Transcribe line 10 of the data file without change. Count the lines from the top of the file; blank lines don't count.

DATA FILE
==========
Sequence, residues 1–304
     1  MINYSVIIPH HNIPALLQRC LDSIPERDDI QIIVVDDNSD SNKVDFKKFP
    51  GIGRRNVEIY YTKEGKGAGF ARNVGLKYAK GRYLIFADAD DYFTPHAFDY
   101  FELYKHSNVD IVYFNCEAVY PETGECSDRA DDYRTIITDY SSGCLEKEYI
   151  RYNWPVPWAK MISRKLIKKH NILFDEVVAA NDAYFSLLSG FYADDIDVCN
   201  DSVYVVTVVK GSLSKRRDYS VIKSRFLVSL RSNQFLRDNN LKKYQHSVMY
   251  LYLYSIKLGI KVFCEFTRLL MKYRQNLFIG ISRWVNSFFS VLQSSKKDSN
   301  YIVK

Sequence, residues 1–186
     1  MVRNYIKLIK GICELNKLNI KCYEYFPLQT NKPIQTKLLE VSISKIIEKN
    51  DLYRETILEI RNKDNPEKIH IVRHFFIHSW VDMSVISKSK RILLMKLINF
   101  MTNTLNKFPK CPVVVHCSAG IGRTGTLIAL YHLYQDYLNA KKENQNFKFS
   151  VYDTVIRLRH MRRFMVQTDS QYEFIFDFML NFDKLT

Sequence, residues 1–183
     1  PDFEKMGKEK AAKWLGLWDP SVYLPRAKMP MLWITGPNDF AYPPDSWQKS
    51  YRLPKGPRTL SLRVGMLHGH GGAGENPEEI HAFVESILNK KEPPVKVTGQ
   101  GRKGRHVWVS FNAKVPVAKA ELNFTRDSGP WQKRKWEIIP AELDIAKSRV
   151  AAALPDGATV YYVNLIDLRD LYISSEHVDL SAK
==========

     1  MVRNYIKLIK GICELNKLNI KCYEYFPLQT NKPIQTKLLE VSISKIIEKN